You Can Qualify for Both SSDI and SSI Benefits if You’re Disabled

 

As a Richmond disability lawyer and Virginia Beach SSD attorney I often represent adults who have a concurrent claim pending with the Social Security Administration (SSA). You have a concurrent claim when you’re seeking both Social Security Disability Insurance benefits and Supplemental Security Income (SSI). It’s possible to receive both SSDI and SSI when you have a low primary insurance amount and do not receive much in monthly SSDI benefits.

 

How You Apply for Concurrent Benefits under Both SSDI and SSI

 

When you apply for disability benefits the SSA will review your earnings history and ask for financial information regarding your current assets, resources, and income. Depending on your answers and financial situation the SSA will decide whether to process an application for SSDI, an application for SSI, or an application for benefits under both programs.

 

The SSA processes claims for SSDI and SSI the same way. This is because the SSA’s definition of medical disability is the same under both programs. So no matter what program or pr

 

What Causes a Low Monthly SSDI Benefit Amount

 

You may have a low monthly SSDI benefit amount if:

 

  • You became disabled at an early age before you were able to build a significant work history and increase your earnings
  • You worked but earned low wages throughout your career
  • You have a strong work history but did not work or earn much during the 5 year period before you became disabled
  • You do not have a strong work history but earned just enough to get sufficient work credits for the SSDI program

 

Qualifying for SSI While Receiving SSDI

 

SSI is a disability program based on income, assets, and financial need. If you have too much income or too many assets, you cannot receive SSI even if you’re disabled medically under the Social Security Act.

 

When determining whether you meet the financial requirements for the need-based SSI program, the SSA will look at your income from “countable sources.” Your countable income is any income you earn from working as well as several other types of income that do not come from work.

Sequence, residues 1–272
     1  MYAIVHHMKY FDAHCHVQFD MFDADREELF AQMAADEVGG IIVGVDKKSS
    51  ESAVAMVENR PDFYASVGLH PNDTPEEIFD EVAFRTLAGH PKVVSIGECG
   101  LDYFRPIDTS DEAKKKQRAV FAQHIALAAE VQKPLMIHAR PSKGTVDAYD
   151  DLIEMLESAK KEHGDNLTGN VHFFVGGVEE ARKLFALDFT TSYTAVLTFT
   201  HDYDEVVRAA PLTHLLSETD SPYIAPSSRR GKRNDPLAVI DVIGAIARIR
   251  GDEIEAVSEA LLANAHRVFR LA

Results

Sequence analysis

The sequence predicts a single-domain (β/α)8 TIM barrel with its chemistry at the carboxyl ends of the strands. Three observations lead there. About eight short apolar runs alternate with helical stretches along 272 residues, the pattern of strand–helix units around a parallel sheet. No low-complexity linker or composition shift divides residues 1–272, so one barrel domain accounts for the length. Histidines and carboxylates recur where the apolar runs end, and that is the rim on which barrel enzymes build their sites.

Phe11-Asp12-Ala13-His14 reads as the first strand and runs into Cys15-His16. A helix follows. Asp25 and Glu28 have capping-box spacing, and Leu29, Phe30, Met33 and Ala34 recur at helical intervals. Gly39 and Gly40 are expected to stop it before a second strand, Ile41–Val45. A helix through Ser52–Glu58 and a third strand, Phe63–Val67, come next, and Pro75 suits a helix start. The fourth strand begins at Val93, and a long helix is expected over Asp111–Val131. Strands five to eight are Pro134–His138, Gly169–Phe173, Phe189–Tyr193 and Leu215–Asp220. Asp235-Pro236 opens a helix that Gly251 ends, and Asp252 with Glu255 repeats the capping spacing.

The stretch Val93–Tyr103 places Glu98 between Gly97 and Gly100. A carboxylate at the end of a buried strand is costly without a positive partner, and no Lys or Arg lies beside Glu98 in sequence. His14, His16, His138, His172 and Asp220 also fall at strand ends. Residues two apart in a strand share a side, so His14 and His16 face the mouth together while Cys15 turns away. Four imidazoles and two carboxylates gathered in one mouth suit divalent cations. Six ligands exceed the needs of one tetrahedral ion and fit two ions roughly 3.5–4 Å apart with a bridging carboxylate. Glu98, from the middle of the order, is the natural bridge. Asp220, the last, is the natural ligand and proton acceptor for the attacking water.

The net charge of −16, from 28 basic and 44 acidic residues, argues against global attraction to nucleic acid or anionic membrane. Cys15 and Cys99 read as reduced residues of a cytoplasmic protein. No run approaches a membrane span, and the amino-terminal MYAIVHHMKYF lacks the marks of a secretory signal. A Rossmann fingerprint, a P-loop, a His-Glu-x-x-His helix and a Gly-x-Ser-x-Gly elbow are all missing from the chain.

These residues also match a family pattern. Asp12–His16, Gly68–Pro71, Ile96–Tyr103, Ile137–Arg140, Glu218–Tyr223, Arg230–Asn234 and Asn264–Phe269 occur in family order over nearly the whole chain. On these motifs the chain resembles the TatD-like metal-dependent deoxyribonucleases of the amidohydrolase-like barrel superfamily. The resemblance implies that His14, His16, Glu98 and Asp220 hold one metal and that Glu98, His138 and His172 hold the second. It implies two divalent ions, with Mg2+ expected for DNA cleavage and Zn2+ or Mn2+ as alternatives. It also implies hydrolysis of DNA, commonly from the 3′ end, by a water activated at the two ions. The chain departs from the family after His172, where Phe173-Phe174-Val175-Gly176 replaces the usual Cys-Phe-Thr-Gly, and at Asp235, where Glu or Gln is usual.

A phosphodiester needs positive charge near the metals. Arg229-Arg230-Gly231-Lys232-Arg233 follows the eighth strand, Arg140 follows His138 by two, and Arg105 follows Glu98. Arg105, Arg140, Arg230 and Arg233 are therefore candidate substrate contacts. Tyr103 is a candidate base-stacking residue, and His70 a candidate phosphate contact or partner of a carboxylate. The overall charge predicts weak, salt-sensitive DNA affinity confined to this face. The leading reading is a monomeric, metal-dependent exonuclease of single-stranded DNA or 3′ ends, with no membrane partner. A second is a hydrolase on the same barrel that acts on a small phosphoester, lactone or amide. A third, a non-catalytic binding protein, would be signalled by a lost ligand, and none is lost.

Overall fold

SSDI payments are considered income under the SSI program. So any money you receive from the SSDI program will count toward your income under the SSI program.

 

To receive SSI while also receiving monthly SSDI payments, your countable income must be lower than $735 per month. It’s possible therefore to receive both SSDI and SSI payments if your monthly SSDI benefit amount is less than $735.

 

Even if your SSDI payment is less than $735 per month, you may still have too many assets to qualify for SSI.¬†This is especially true if you do not get approved for benefits until after a disability hearing and receive a large award of back pay as part of your disability claim. If you receive more than $3,000 in back pay then it’s likely that you will not qualify financially for SSI.

 

My Monthly SSDI Benefit Amount is Low Enough that I Can Also Receive SSI. Will My SSDI Payment Affect My SSI Payment?

 

Yes. Receiving SSDI benefits will affect the amount of your monthly SSI payment. Your SSI payment will be lowered by the amount of your SSDI payment so that the total amount you receive each month is equal to the maximum SSI payment.

 

Is There A Benefit to Having a Concurrent Claim with the Social Security Administration?

 

Yes, you should apply for both SSDI and SSI payments if you meet the non-medical requirements for both programs.

 

The benefit of collecting SSI when you are collecting a low monthly SSDI payment is that the SSI payment will increase the amount you receive each month so that you collect $735 per month. Every dollar helps when you are trying to survive.

 

The benefit of collecting SSDI when you are eligible for SSI is that you will become eligible for Medicare after you get approved for SSDI. Medicare will improve your medical treatment options so that you can focus on your recovery and trying to have a higher quality of life. Individuals who qualify for SSI only are not eligible for Medicare. They must use Medicaid, which is not as good medical coverage program as Medicare.

 

To learn more about the benefits of collecting both SSDI and SSI in Virginia, call, text, or email Corey Pollard today.